showed a trend of prolonged median OS (7.72 months)
compared with those who received placebo
(5.52 months); however, the difference was not
significant (stratified HR 0.71; 95% CI 0.38–1.34; Fig. 3). Only
one patient (2.1%) in the fruquintinib group achieved
PR. The DCR was significantly higher in the fruquintinib
group than in the placebo group (68.1% versus 20.8%;
two-sided P < 0.001). The waterfall plots for tumor
responses are shown in Additional file 4. The summary of
drug efficacy is shown in Table 2.
All 47 (100%) participants in the fruquintinib group
and 21 (87.5%) of the 24 participants in the placebo
group had AEs; the AEs were deemed treatment-related
in 44 (93.6%) participants in the fruquintinib group and
14 (58.3%) participants in the placebo group. The most
common (incidence >5%) treatment-related grade 3 or
higher TEAEs were hypertension (29.8%) and HFSR
(14.9%). The summary of grade 3 or higher
treatmentrelated TEAEs is shown in Table 3. Frequencies of AEs
leading to death, irrespective of relationship to study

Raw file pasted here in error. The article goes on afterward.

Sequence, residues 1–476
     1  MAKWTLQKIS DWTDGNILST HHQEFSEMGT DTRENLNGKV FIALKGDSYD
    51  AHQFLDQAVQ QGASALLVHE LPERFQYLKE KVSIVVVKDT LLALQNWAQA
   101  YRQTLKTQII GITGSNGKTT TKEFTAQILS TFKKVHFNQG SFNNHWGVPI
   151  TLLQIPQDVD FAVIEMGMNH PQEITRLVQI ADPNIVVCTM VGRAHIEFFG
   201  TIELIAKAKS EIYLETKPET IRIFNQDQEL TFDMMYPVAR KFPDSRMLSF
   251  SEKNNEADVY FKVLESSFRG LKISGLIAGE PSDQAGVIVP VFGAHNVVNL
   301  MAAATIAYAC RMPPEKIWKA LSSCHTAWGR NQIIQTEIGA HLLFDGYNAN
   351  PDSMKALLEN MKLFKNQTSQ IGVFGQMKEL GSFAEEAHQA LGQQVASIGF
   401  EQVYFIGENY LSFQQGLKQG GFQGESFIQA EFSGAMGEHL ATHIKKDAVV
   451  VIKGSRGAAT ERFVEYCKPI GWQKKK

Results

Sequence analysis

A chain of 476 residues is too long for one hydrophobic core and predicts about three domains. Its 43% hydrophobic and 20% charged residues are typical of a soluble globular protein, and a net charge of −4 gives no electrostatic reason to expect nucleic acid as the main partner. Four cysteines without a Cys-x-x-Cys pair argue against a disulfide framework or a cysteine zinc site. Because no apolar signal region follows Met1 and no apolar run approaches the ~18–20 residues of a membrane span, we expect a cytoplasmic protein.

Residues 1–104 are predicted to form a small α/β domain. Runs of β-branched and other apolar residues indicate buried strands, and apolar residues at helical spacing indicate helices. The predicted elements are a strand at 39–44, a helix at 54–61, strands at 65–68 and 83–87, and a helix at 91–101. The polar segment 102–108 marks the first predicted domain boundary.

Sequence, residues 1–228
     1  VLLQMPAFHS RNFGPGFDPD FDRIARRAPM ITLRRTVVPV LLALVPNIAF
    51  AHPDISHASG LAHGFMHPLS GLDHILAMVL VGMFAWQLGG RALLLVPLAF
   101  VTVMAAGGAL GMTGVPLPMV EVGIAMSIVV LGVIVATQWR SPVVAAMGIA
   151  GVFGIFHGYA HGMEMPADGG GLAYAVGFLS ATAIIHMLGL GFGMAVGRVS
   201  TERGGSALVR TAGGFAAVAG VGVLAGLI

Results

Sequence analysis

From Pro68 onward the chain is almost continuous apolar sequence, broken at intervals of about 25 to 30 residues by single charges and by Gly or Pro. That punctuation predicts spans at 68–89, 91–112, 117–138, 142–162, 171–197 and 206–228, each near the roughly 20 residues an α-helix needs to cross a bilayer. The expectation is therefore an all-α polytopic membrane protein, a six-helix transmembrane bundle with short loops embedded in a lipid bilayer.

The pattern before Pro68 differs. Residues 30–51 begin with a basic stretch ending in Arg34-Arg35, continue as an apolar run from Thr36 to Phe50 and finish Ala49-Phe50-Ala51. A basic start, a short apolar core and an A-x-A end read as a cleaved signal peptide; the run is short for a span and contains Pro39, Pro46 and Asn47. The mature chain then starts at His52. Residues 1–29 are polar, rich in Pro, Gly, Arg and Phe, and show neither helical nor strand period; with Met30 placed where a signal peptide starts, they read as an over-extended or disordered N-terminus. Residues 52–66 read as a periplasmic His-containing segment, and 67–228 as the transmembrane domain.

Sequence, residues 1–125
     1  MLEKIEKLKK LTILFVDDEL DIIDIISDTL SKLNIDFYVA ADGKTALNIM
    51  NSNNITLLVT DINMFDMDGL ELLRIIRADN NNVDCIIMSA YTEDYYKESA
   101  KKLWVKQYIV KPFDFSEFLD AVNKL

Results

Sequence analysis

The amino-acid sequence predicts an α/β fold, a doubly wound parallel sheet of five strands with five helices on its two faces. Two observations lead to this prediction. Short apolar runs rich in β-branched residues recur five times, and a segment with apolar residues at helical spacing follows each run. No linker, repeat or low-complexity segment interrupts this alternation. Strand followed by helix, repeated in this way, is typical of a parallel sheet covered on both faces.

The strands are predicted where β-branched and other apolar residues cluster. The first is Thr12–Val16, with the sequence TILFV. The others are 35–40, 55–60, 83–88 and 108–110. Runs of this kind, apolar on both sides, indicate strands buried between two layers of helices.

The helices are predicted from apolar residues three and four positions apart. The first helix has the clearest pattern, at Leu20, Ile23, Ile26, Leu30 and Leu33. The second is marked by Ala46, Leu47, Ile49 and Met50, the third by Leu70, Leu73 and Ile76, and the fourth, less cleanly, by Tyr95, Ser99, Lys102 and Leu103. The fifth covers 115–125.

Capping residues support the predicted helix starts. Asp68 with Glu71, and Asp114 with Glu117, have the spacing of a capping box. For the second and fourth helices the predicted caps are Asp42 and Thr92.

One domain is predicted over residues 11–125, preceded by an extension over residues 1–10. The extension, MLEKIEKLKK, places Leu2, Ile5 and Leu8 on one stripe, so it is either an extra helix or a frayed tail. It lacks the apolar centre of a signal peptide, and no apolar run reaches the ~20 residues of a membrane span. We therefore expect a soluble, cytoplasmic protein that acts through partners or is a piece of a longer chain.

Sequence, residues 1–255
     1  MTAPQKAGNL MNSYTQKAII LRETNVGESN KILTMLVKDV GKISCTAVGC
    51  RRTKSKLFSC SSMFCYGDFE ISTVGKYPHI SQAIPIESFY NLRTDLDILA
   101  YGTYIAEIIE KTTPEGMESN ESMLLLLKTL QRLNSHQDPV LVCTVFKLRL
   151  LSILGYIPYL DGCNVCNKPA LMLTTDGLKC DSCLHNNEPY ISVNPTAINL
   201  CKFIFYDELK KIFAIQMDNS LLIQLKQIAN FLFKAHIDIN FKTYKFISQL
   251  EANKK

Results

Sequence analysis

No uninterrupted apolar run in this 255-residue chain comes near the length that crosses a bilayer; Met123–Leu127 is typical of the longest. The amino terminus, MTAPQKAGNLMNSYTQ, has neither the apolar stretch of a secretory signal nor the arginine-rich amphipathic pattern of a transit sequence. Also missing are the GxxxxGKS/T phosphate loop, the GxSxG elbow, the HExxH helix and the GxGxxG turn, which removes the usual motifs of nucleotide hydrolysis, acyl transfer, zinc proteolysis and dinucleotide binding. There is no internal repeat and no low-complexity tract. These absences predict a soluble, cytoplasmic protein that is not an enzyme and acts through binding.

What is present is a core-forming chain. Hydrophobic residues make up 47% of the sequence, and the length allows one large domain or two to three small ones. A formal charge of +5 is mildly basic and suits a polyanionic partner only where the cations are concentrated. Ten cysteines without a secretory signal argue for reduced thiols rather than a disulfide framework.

drug, were similar, at three in the fruquintinib group
(one [2.1%] upper gastrointestinal hemorrhage, one
[2.1%] bilirubin increased, and one [2.1%] hemoptysis)
and two in the placebo group (one [4.3%] sudden death
and one [4.3%] hepatic coma). Serious AEs occurred in
12 (25.5%) of the 47 participants receiving fruquintinib
and 5 (20.8%) of the 24 participants receiving placebo.
Treatment was interrupted because of AEs in 15 (34.0%)
patients in the fruquintinib group and in 4 (16.7%) in
the placebo group. The study dose was reduced due to
AEs in 13 (27.7%) participants in the fruquintinib group
and none in the placebo group. The common AEs that
required treatment modification were HFSR (17.0%),
hypertension (12.8%), and diarrhea (4.3%).
Table 1 Baseline characteristics of participants in the phase Ib and the phase II trials
Characteristics Phase Ib Phase II
N (%) N (%)
(n=42) Fruquintinib group (n=47)
Median, range 55.5, 33.0–70.0 50.0, 25.0–69.0
Male 25 (59.5) 35 (74.5)
Female 17 (40.5) 12 (25.5)
Baseline ECOG PS score
0 8 (19.0) 6 (12.8)
1 34 (81.0) 41 (87.2)
Duration from first metastasis Diagnosis to randomization
≤18 months NA 20 (42.6)
>18 months NA 27 (57.4)
Prior treatment line on or above metastatic disease
2–3 18 (42.9) 30 (63.8)
>3 24 (57.1) 17 (36.2)
Previous chemotherapy lines
2 5 (11.9) 12 (25.5)
≥3 37 (88.1) 35 (74.5)
Prior VEGF inhibitor treatment